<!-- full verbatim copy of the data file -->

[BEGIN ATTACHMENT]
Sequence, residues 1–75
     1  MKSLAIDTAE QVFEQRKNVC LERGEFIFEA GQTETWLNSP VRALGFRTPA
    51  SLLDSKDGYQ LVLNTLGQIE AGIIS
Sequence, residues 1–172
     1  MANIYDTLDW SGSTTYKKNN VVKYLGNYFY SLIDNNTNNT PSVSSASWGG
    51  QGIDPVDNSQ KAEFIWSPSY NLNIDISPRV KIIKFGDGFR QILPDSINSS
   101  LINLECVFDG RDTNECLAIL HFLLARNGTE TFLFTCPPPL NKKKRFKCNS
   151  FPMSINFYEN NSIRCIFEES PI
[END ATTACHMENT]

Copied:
Sequence, residues 1–75
     1  MKSLAIDTAE QVFEQRKNVC LERGEFIFEA GQTETWLNSP VRALGFRTPA
    51  SLLDSKDGYQ LVLNTLGQIE AGIIS
Sequence, residues 1–172
     1  MANIYDTLDW SGSTTYKKNN VVKYLGNYFY SLIDNNTNNT PSVSSASWGG
    51  QGIDPVDNSQ KAEFIWSPSY NLNIDISPRV KIIKFGDGFR QILPDSINSS
   101  LINLECVFDG RDTNECLAIL HFLLARNGTE TFLFTCPPPL NKKKRFKCNS
   151  FPMSINFYEN NSIRCIFEES PI